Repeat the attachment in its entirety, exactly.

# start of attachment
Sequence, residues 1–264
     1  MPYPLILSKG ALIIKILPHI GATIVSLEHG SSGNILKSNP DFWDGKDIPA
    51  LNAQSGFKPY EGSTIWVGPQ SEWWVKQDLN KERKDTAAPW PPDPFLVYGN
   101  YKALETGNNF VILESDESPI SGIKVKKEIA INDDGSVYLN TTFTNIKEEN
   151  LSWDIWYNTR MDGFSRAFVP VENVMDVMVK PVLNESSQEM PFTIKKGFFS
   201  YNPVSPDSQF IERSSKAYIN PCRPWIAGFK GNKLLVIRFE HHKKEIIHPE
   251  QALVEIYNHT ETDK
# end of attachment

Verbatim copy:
Sequence, residues 1–264
     1  MPYPLILSKG ALIIKILPHI GATIVSLEHG SSGNILKSNP DFWDGKDIPA
    51  LNAQSGFKPY EGSTIWVGPQ SEWWVKQDLN KERKDTAAPW PPDPFLVYGN
   101  YKALETGNNF VILESDESPI SGIKVKKEIA INDDGSVYLN TTFTNIKEEN
   151  LSWDIWYNTR MDGFSRAFVP VENVMDVMVK PVLNESSQEM PFTIKKGFFS
   201  YNPVSPDSQF IERSSKAYIN PCRPWIAGFK GNKLLVIRFE HHKKEIIHPE
   251  QALVEIYNHT ETDK